Catalogue description Chancery: Petty Bag Office: Proceedings on Statute Staple

Search within or browse this series to find specific records of interest.

Date range

Details of C 228
Reference: C 228
Title: Chancery: Petty Bag Office: Proceedings on Statute Staple

Writs of capias et extendi facias for the recovery of debts sealed under recognizance of statute staple, together with extents (valuations), mainly taken by sheriffs, of the lands and goods of debtors.

Extents sometimes include a valuation of movable goods as well as of lands, particularly if the value of the land alone was insufficient to cover the debt.

There are also some writs de liberacione, instructing sheriffs to give the creditor possession.

Date: 1603-1775
Related material:

Earlier extents for debts are in:

C 131

Recognizances of statute staple are in C 152

C 239

Enrolments of recognizances are in LC 4

Held by: The National Archives, Kew
Legal status: Public Record(s)
Language: English and Latin
Physical description: 35 bundle(s)
Publication note:

Two documents from this series are printed (with translations) in Select cases concerning the Law Merchant, iii, ed H Hall (Selden Society, xlix, 1932).

Administrative / biographical background:

By the Statute of the Staple of 1353 the mayor and constables of the staple, in each town in which a staple of wools or other merchandise was established, were empowered to take and seal recognizances or obligations of debts.

On default of payment, the mayor might imprison the debtor and attach his goods, to be afterwards sold for the satisfaction of the creditor. If, however, the debtor was not to be found within the limits of the staple in question, the recognizance was to be certified into Chancery, from which court process was to issue.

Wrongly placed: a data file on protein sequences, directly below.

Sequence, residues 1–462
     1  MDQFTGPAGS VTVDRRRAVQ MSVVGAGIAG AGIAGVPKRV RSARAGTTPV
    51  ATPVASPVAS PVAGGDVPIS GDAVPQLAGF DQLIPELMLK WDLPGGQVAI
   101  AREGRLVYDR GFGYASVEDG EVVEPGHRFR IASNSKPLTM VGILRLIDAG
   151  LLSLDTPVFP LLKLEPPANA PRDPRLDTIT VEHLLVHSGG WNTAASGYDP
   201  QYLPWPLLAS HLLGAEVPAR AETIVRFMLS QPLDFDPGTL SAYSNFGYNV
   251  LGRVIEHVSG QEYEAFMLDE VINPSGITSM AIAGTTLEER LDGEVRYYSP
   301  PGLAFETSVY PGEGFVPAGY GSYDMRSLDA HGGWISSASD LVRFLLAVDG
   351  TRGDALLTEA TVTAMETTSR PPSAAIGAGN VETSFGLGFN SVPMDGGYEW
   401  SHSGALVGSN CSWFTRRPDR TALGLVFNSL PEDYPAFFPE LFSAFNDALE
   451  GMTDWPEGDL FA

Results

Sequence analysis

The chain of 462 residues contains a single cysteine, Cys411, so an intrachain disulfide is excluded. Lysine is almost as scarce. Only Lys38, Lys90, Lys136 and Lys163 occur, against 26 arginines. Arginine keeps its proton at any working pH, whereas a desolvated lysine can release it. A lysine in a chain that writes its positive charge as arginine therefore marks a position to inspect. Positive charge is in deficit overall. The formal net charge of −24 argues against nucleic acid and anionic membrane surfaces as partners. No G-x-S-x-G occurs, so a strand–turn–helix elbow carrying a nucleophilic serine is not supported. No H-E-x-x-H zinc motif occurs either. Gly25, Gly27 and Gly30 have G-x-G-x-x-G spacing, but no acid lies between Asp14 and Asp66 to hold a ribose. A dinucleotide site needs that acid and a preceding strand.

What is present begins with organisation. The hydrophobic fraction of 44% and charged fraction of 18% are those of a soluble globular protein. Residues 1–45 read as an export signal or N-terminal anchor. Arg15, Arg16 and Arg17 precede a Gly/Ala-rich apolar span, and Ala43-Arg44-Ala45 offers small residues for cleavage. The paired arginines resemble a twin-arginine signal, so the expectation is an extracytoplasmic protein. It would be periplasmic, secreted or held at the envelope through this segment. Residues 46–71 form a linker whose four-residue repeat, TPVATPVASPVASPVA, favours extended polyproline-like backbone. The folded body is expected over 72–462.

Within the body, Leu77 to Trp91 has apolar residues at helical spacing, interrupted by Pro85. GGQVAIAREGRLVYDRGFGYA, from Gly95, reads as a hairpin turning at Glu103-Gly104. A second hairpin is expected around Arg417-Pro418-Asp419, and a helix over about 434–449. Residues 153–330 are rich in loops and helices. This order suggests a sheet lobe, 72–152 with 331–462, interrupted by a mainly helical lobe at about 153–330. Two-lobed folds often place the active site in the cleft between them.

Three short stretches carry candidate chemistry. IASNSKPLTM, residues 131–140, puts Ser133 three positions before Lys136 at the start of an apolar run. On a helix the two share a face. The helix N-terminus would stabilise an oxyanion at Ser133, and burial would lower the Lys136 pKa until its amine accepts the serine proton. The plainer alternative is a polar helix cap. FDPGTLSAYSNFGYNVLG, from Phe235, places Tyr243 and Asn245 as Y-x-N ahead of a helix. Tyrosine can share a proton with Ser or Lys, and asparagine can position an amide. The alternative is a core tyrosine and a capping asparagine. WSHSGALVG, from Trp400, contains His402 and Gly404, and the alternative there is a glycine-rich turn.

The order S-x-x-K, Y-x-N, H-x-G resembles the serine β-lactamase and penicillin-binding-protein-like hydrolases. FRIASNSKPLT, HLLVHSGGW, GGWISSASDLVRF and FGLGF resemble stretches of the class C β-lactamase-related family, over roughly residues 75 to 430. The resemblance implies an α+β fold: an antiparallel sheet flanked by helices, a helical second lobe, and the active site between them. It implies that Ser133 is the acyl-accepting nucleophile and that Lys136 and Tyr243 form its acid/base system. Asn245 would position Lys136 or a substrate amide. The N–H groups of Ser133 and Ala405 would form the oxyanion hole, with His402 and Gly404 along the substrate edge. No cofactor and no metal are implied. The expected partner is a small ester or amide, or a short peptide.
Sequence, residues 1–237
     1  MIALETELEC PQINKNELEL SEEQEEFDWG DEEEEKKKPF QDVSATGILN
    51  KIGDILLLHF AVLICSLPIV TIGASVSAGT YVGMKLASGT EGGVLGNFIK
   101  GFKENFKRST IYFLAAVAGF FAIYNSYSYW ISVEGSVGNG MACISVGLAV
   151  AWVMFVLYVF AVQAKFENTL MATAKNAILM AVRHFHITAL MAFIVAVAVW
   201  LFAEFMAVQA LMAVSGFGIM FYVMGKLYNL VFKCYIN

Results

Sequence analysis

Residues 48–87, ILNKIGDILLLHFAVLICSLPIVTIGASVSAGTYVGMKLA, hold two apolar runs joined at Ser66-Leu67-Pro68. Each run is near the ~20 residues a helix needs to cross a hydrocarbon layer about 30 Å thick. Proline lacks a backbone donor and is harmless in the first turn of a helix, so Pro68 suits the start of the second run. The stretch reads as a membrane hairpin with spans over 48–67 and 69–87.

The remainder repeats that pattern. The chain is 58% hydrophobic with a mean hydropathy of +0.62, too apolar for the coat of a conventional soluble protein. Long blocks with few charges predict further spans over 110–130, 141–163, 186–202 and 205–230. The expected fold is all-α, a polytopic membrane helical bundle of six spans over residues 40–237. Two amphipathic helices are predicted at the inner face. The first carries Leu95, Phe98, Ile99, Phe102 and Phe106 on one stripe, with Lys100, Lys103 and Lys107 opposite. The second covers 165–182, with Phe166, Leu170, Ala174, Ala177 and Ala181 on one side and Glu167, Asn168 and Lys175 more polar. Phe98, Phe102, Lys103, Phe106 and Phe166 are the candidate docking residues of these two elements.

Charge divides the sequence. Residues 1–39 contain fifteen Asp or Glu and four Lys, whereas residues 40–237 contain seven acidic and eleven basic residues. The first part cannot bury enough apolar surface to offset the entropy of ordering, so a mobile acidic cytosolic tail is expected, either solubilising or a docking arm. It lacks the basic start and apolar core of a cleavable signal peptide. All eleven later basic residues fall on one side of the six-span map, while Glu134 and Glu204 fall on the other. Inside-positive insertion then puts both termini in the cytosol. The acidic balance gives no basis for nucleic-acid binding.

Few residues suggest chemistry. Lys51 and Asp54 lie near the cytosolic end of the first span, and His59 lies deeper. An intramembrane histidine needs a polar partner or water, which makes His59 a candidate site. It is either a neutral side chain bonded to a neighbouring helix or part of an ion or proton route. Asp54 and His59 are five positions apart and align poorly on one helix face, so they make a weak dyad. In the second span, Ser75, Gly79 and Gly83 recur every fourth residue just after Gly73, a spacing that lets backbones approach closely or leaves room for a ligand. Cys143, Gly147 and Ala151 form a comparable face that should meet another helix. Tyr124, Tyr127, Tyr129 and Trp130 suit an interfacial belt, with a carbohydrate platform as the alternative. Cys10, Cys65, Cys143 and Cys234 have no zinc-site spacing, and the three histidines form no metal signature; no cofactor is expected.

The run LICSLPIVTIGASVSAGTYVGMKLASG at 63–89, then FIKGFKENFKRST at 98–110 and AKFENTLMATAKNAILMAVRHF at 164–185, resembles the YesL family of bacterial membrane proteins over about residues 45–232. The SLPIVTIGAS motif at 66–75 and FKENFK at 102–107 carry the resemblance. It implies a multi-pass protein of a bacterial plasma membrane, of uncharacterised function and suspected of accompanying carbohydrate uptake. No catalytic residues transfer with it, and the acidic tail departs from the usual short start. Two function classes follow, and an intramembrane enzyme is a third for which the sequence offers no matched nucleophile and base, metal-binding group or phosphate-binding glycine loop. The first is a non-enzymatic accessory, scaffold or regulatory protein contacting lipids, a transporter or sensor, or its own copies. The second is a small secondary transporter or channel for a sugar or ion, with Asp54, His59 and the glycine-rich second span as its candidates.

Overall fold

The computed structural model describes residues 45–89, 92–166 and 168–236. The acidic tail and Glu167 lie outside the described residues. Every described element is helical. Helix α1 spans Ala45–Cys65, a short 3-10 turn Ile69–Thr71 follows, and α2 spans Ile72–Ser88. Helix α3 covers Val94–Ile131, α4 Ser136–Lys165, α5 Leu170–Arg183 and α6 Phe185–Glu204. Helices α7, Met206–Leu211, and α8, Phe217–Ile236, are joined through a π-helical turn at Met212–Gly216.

By the seventeenth century most debts were certified into Chancery by the clerk of the recognizances. The creditor informed the clerk of the date of his recognizance. The clerk confirmed the date from his records and made out a certificate of the facts revealed.

The creditor then took the original recognizance (C 152) and the certificate (C 241) to the clerk of the Crown in Chancery who, on sight of the documents, furnished the creditor with a writ of capias et extendi facias. Finally, the creditor delivered this writ to the sheriff of the county in which the lands of the debtor lay.

On receiving the writ, the sheriff was required to imprison the debtor (although this was rarely done) and then, by seizing the debtor's property and valuing it by means of an inquest, make an extent. The sheriff conducted the extent with the aid of a jury of at least twelve men chosen from a local village or town. It was attached to the writ, along with the sheriff's reply, and the writ was returned to Chancery.

Have you found an error with this catalogue description?

Help with your research